Minister's letter.Read More
Friday 1st January 2021
HAPPY NEW YEAR!
2021 is here. 2020 was a year that will be talked about in history in years to come and all of us have stories to share. Stories of joy and sorrow, new life and death, love and hope, stories of faith, stories of new and renewed friendships. A New Year always marks a fresh start, a new beginning and yet we wait to hear the latest of Covid19 restrictions with the hope of a better year. Maybe you have taken the opportunity to make some resolutions. We choose to take up a New Year’s resolution because it will benefit us, they are positive steps in improving our life in one way or another, physically or mentally. But when in our looking ahead to the new and improved us do we consider our spirituality? That part of us that constantly searches for the meaning in life, the purpose for our existence, the ‘more and beyond’ than the present world can offer us, that connection with God…creator of the physical world we experience.
Advent maybe behind us but we should try to hang onto the periods of stillness and quiet that we tried to create in our waiting. Moments of pausing and reflecting on where we have seen God throughout the day, learning to recognise God’s actions in ourselves and others as well as how we are being blessed. (A huge thank you to those of you who attending Expectant waiting in Advent. Those times together kept me going through Advent as we paused, prayed and chatted through Lent.)
Spirituality is beyond our physical or material needs, it is a lifestyle that feeds our connectedness with God. A simple and effective way of engaging our spirituality is by praying the Daily Examen. Saint Ignatius of Loyola developed the practice of stopping and reflecting on the day, noticing where God has been, praising God and look forward to tomorrow. He believed that this was a gift from God that everyone should experience. If you would like to unwrap this gift post-Christmas, here is a brief guide…
Find a quiet place and sit comfortably
1. Become aware of God’s presence. Look back on the events of the day. The day may seem confusing to you—a blur, a jumble, a muddle. Ask God to bring clarity and understanding.
2. Review the day with gratitude. Gratitude is the foundation of our relationship with God. Walk through your day in the presence of God and note its joys and delights. Focus on the day’s gifts. Look at the work you did, the people you interacted with. What did you receive from these people? What did you give them? Pay attention to small things—God is in the details.
3. Pay attention to your emotions. One of St. Ignatius’s great insights was that we detect the presence of the Spirit of God in the movements of our emotions. Reflect on the feelings you experienced during the day. Boredom? Elation? Resentment? Compassion? Anger? Confidence? What is God saying through these feelings?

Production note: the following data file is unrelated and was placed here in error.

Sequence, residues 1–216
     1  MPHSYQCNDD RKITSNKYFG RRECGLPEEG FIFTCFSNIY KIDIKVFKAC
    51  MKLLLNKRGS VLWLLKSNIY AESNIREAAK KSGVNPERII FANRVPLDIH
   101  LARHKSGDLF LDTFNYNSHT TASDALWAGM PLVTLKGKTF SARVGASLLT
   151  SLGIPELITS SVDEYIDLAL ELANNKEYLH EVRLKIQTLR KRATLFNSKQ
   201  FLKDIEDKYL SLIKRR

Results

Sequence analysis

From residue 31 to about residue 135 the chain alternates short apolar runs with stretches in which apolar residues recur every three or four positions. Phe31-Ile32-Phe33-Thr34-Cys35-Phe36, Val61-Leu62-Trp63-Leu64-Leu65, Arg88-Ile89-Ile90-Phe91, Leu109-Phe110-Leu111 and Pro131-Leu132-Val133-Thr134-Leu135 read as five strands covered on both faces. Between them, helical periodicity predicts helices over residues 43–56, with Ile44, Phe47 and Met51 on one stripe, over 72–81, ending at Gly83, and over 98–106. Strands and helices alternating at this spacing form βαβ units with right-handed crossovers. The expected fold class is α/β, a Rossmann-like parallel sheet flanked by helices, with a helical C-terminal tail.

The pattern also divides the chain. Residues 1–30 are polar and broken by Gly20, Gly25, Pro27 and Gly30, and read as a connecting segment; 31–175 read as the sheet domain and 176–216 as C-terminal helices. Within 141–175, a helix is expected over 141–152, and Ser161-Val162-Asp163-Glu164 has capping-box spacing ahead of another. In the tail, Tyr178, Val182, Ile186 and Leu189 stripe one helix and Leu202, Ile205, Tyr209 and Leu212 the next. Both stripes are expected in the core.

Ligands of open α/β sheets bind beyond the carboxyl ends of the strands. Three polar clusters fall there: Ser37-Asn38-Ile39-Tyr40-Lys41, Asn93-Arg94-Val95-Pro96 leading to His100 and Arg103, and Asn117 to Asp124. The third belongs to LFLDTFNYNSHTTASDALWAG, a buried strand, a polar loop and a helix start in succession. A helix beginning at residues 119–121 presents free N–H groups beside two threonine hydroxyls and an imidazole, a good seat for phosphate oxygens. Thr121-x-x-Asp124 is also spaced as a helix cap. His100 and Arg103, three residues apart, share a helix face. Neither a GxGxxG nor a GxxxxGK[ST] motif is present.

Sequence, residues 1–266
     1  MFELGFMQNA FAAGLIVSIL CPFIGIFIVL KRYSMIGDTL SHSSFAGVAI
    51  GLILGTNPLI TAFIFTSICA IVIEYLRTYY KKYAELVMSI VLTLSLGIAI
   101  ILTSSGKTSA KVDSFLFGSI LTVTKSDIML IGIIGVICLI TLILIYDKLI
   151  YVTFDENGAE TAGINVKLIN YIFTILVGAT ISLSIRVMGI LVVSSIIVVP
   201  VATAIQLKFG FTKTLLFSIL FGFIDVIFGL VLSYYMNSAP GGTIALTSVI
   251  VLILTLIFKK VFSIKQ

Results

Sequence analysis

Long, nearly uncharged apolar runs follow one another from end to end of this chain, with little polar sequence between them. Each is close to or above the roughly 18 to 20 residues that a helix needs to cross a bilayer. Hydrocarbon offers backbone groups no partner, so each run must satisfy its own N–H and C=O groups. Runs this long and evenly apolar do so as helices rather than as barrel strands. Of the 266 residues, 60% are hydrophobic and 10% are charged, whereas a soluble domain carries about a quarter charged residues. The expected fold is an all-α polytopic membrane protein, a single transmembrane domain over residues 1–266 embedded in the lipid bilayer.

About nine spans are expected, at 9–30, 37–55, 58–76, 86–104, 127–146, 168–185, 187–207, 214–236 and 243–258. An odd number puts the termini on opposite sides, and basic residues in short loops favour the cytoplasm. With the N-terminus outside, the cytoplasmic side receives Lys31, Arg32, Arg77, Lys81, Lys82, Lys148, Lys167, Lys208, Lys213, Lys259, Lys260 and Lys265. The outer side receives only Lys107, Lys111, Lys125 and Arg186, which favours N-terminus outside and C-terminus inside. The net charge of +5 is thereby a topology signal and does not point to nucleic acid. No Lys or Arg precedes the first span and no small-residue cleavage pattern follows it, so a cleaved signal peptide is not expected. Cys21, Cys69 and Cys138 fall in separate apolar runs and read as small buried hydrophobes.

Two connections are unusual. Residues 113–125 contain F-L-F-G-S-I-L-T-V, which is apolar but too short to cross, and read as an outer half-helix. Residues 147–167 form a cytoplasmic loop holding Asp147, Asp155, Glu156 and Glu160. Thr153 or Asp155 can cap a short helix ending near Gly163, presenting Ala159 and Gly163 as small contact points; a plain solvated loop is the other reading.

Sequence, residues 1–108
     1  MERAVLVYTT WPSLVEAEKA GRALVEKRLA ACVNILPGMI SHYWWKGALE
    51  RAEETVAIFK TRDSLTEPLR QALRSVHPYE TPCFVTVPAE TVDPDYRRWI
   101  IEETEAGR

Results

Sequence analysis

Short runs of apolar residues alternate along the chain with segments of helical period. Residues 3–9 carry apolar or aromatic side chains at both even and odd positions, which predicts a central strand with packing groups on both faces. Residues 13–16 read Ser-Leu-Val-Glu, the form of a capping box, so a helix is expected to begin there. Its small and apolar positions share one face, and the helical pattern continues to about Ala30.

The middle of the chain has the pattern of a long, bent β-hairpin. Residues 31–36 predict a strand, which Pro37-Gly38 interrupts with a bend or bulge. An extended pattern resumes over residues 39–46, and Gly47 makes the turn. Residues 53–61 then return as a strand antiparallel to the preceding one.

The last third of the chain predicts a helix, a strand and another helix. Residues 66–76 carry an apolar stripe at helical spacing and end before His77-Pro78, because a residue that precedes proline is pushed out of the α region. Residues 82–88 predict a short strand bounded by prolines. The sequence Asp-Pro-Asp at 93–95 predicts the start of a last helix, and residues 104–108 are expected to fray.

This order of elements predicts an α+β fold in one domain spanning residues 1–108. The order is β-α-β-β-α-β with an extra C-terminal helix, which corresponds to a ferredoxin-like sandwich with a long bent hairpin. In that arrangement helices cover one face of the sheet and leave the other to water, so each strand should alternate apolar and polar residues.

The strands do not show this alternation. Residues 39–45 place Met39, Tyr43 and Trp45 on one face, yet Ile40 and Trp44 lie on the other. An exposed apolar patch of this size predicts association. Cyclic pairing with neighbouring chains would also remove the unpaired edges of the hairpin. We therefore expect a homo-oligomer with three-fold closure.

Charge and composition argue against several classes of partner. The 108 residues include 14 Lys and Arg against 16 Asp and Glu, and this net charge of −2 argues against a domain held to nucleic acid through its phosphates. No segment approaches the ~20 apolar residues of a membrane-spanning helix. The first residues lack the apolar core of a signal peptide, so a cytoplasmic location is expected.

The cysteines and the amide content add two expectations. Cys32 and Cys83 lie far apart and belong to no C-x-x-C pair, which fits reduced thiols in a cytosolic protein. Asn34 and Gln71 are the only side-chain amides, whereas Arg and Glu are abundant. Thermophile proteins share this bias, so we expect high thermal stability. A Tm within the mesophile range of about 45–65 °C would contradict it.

4. Choose one feature of the day and pray from it. Ask the Holy Spirit to direct you to something during the day that God thinks is particularly important. It may involve a feeling— positive or negative. It may be a significant encounter with another person or a vivid moment of pleasure or peace. Or it may be something that seems rather insignificant. Look at it. Pray about it.
Allow the prayer to arise spontaneously from your heart—whether intercession, praise, repentance, or gratitude.
5. Look toward tomorrow. Ask God to give you light for tomorrow’s challenges. Pay attention to the feelings that surface as you survey what’s coming up. Allow these feelings to turn into prayer. Seek God’s guidance. Ask God for help and understanding. Pray for hope.
St. Ignatius encouraged people to talk to Jesus like a friend. End the Daily Examen with a conversation with Jesus. Ask forgiveness for your sins. Ask for his protection and help. Ask for his wisdom about the questions you have and the problems you face. Do all this in the spirit of gratitude. Your life is a gift, and it is adorned with gifts from God.’ www.ignatianspirituality.com
If you prefer to be guided through the Daily Examen then there are several Apps available to download.
Joyful January 2021
What does joy mean for you? How have you sensed joy in your Christian journey? Do you have a story to share? We would love to hear your story in our Sunday morning services. Please get in touch with me and I will include you. There are 4 weeks and 5 Sundays in January and I am sure we have lots to give testimony too. We may not feel like celebrating throughout this Coronavirus pandemic so let us build each other up through January. 1 Thessalonians 5 says, ‘Therefore encourage one another and build each other up, just as in fact you are doing.’
Stay safe. Stay well. Hold each other in prayer. I look forward to seeing you on our zoom service and events.
Love and prayers,
The theme for this week was the wise and foolish builders.Read More
Over the summer holidays Moston Methodist Church has invited young people and families from the community to come along for some fun craft activities and messy play, whilst learning about different Bible stories.Read More